After the whole data analysis process, the following tentative conclusions can be stated:

1. Both electrification and urbanization are good indicators of economic growth, and they are highly correlated with each other during the


Figure 9.11 Annual percentage change in US GDP and EP indices, 1960-2001


Figure 9.11 Annual percentage change in US GDP and EP indices, 1960-2001

development trajectory, especially for countries that started industrialization late. We chose electrification instead of urbanization for the first proxy mainly because electrification is more directly energy-related and its data quality is better.

2. Per-capita electricity consumption plus some fraction of per-capita oil consumption can be used as a good proxy to simulate economic catch-up by using values relative to that of the US for both the proxy and per-capita GDP.

3. By dividing countries into groups based on criteria such as oil exports, hydro-electricity fraction and geographic latitude, we identified nine non-empty sub-groups, of which four sub-groups accounted for most of the countries (and the GDP). Only two of these sub-groups exhibit significant development vis-à-vis the US. Satisfactory regressions were obtained for these two groups (Table 9.5). Weighting by GDP significantly improves the quality of regressions. We have checked the residuals and found no problem of heteroskedacity.

4. Countries with high petroleum exports did not exhibit catch-up. (This phenomenon has been termed 'the curse of oil'.) Other 'growth stoppers' include ethnic or religious conflict, transition from central planning to market orientation, poor macroeconomic management and corruption.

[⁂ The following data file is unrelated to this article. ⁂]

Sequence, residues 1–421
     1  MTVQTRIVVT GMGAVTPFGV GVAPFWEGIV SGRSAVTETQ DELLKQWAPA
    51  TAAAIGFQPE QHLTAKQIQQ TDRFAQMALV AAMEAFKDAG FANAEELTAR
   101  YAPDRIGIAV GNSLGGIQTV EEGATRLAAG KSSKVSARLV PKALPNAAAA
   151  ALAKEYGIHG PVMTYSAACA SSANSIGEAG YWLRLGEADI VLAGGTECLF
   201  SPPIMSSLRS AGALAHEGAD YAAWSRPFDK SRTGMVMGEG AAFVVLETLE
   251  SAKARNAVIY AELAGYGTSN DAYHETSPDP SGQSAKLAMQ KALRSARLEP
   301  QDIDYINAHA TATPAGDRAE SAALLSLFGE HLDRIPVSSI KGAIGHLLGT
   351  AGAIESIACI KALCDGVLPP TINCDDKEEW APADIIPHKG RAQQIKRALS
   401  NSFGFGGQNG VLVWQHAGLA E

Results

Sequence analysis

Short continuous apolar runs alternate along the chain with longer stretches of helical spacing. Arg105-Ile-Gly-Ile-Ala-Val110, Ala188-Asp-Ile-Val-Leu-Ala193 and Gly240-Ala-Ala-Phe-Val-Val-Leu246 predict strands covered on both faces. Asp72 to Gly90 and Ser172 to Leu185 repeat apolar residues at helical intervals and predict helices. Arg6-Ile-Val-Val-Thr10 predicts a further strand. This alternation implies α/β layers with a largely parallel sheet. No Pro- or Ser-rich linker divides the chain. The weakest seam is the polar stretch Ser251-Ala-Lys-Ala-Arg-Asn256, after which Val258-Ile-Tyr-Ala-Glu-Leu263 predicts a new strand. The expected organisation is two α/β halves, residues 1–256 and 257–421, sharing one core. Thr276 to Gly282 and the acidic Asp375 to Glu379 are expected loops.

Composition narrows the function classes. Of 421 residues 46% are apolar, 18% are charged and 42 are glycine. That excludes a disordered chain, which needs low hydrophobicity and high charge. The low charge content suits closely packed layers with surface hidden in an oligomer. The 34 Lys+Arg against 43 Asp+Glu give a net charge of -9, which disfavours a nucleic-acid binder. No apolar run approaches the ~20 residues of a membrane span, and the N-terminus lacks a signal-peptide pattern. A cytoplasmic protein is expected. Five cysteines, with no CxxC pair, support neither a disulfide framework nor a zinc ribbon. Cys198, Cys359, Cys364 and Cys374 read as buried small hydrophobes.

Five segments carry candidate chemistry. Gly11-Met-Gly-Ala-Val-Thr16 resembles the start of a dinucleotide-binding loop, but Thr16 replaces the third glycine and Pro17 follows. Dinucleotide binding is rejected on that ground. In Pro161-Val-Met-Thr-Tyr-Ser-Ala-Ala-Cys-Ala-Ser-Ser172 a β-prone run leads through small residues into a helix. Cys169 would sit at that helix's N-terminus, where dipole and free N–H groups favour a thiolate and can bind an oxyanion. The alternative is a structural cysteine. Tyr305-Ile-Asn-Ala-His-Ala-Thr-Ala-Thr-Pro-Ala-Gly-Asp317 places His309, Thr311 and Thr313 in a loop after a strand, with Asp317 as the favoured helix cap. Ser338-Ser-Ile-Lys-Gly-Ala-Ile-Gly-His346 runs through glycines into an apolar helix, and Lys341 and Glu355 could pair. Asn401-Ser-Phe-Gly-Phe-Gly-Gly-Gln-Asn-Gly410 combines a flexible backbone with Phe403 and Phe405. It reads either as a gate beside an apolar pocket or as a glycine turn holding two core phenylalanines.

5. For countries that are actually catching up, the relationship between the GDP gap and the energy proxy gap is not linear, but behaves like a logarithm or square root of the energy proxy. There is not much difference between the logarithm model and square-root model in terms of the fraction of oil added into the proxy, although 0.10 and 0.15 turned out to be a little bit better than higher values.

6. The catch-up countries exhibited very similar growth trajectories, relative to the US, except for four 'young' countries (South Korea, Singapore, Malta and Jordan) whose oil consumption increased relatively faster than electricity consumption and departed from the main trend. It is possible that these countries started from lower levels than others. After dropping these four countries, we obtained very good results for the relationship between the energy consumption gap and GDP gap.

7. The rate of increase in GDP with respect to the energy proxy ('catchup elasticity') decreases as countries approach US levels (that is, the gaps decrease). The differences in 'catch-up elasticity' between the two non-linear models (square root versus natural logarithm) are surprisingly large for countries at early stages of development, suggesting that more research is needed on this question. Here we differ from the 2 percent per annum convergence 'law' that was suggested by a number of economists in the 1980s, and later (for good reason) discarded.

As a final concluding remark, we note that the empirical results obtained in this study tend to support the theoretical basis of prior work on the US economy by Ayres and Warr and discussed in the previous chapters of this book (Ayres and Warr 2002; Ayres et al. 2003; Ayres and Warr 2005; Warr and Ayres 2006). More important, in terms of the need for more credible forecasting and scenario-building tools, we think these results have an immediate application. While the underlying theory - regarding the role of energy and useful work as a driver of growth - is not yet fully tested even for the US, still less widely accepted, we think that the results demonstrated in this chapter are quite sufficient to justify extrapolation in a 'scenario' context, for several decades. In particular, we hope to use our model results to simulate future economic growth for important catch-up countries, such as India and China.

Also, to make the statistical results more statistically persuasive in the future, some additional statistical tests, such as auto-correlation and stationarity, should be run, since the data we use are panel data.

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